program. Financial aid
if qualified Housing
available CALL
Aviation Institute of
Maintenance
(866)314-3769 '
NURSING
CAREERS BEGIN
HERE GET
TRAINED IN
MONTHS, NOT
YEARS. FINANCIAL
AID IF-QUALIFIED.
H O U S I N G
AVAILABLE. JOB
PLACEMENT
ASSISTANCE. CALL
C E N TU R A
INSTITUTE (877)
206-6559

'M E D I C A L
CAREERS .begin
here -- Train OLINE
for Allied Heat agnd
Medical Management.
Job placement


furniture, china cabinet,
costume jewelry, coffee
table and Dale Earnhardt
memorabilia.
FRI. SAT. 7AM.-? 6670 SW.
160th St, just past Crosby
Cemetery. Inside sale rain
or shine. Lots of tools,
power tools, household
items, clothes, dining
table 6 chairs and china
hutch, a ton of material for
sewing and machine.
53B
Keystone Yard
Sales
KEYSTONE, MULTI-family-
Fri. Sat. 8am.-2pm. 6364
Hill Rd. Sr. 21 N, turn
right on Gasline RD. fol-
low signs.

55
Wanted
CASH FOR JUNK cars $300
& up. Free pick up, run-
ning or not. Call 352-
771-6191.
59
Personal
Service
CLARK FOUNDATION RE-
PAIRS, INC. Correction
of termite & water-dam-
aged wood & sills. Level-
ing & raising Houses/
Bldgs. Pier Replacement
& alignment. We do all
types of tractor work,
excavation and small
demolition jobs. Free Es-
timates: Danny (Buddy)
Clark, 904-284-8088 or
904-545-5241.
FLORIDA CREDIT UNION
has moneyto lend for MH
& land packages. 1-800-
284-1144.
IN-HOME CARE for your
loved one. Knowledge-
able, experienced, in all
aspects of elderly and dis-
abled needs. Will care for
your family member with
total commitment. Refer-
ences available. Debbie
Halle 904-966-1201.


SDAYCARE IN LAIfE BUT-
LER, great rates, all
hours, lots of TLC. HRS
certified, CPR certified
and First Aide certified.
.Call 386-496-1062.
65
Help Wanted
BRADFORD COUNTY
Road Department is cur-
rently accepting applica-
tions for one (1) Grader
Operator. A Field TesLwill
be given on GRADER and
applicants will be required
to pass the test to be con-
sidered for the position.
All applicants must have
a valid Florida Drivers
License, CDL Class B,
preferably Class A. Ap-
plications may be picked
up and returned or mailed
to the Bradford County
Road Department at: 812
B North Grand St. Starke,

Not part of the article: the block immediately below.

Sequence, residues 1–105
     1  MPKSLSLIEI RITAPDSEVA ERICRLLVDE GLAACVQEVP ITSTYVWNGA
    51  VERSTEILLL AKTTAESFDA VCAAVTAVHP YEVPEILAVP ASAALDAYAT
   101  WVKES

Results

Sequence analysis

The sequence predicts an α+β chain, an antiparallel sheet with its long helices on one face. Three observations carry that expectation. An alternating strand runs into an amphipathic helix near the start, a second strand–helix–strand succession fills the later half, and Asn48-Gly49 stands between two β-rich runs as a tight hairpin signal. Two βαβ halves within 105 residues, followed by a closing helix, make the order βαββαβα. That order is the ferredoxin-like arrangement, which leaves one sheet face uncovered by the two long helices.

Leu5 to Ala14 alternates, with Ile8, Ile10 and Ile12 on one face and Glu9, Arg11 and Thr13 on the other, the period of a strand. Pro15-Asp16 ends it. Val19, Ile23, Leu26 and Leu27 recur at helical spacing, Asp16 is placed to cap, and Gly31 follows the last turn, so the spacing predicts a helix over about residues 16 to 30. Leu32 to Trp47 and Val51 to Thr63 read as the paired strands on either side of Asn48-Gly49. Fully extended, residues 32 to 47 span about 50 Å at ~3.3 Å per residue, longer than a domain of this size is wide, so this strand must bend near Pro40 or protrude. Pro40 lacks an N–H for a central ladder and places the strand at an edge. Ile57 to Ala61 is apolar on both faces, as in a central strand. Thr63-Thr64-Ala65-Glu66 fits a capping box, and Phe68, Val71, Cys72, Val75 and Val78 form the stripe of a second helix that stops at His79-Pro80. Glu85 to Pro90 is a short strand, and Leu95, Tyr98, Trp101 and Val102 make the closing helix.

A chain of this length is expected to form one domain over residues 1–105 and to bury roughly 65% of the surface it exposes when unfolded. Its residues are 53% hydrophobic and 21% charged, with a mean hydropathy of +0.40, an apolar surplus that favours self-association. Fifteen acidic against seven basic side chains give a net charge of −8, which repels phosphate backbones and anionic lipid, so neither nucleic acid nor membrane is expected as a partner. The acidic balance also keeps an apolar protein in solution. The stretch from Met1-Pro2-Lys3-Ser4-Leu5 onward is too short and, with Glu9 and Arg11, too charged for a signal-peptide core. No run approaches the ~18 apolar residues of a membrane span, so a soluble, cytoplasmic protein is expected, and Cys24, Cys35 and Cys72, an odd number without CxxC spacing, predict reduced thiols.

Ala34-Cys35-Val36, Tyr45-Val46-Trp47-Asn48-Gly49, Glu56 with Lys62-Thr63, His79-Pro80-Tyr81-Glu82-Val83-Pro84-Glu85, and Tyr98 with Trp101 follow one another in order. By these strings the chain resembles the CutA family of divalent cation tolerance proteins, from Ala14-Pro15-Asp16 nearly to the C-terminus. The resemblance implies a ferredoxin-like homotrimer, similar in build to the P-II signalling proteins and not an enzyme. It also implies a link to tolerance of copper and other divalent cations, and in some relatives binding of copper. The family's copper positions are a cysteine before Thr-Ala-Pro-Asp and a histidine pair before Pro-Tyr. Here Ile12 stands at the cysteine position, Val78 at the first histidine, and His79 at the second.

Fl. 32091. The deadline
for accepting applications
is 4:00 pm, Thursday,
September 13,2012. Sal-
ary is negotiable based
on experience. Bradford
Cdunty Road-Department
is an Equal Opportunity
Employer.

CLASS-A CDL Flatbed
Drivers. Home on the
weekends! All Miles paid
(Loaded & Empty)!Lease
to Own-No Money Down.
CALL: 888-880-5916.
TEMPORARY FARM LA-
BOR: Moseley's Int'l Inc.
has 4 positions for cot-
ton. 3 mo. experience
required. Must be able
to obtain clean DL within
30 days of employment.
Tools, equipment, hous-
ing and daily transporta-
tion provided; trans &
subsistence expenses
reimb.; $9.39/hr; work
period guaranteed from
8/26/12-6/26/13. Apply
at the nearest State Work-
force Agency with Job
Order 857769.


Only 49 mth
For te 2 Bedroom/2 Bath

Only $629 mth
For the 3 Bedroom/2 Bath

Only$729: mth
For the 4 Bedroom/2 Bath
Call for current
MOVE-IN SPECIALS!


assistance. Computer
available. Financial
Aid if qualified.
SCHEV certified. Call
888-203-3 179
www.CcnturaOnlinc.c
om

OTR Drivers
Wanted
Drivers/ Class A
Flatbed. GET HOME
WEEKENDS! Up to
39/mi, Late model
equipment & Big
Miles! I year OTR
Flatbed cperience,
(800)572-5489 x227,
SunBelt Transport

Drivers 100%
Owner Operator Co.
Pay increase / Home
weekly, Regional &
Dedicated Class A-
CDL 1 yr. cxp. in last
3 Call 800)695-9643
o r


II


www.drivcforwatki
ns.com
Satellite TV
Promotional
prices start at
$19.99 a month for
DISH for 12
months. Call Today
and ask
about Next Day
Installation.
(.800)336-7043
Schools &
Instruction
MEDICAL
BILLING
TRAINING Train
for Medical Billing
Careers at
SCTrain.cdu No
Experience
Needed! Job
placement
assistance after
training! HS/GED/
PC Needed
(888)872-4677


(9041 964-6305

(3521473-2210

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Where one call

does it all


SFlorida Works
'Alachua/Bradford @ A CommUNlty Partnership

w l(Traasio i

904-964-8092
www.FloridaWorksOnline.com


Kis Cme
[Call 904-368H^-000
I r^^^H^a^^^^^^^^
^^^^BjSH~w (I(I(^^


Now Accepting

Applications

1 AND 2
BEDROOM APARTMENTS
HERITAGE VILLAS
APARTMENTS
607 Bradford Court ~ Starke, FL
Call for more info
904-964-6216
Hearing Impaired Only
call 800-955-8771
Handicapped Accessible
____- This Instituion is an Equal Opportunity .
S Provider, and Employer. p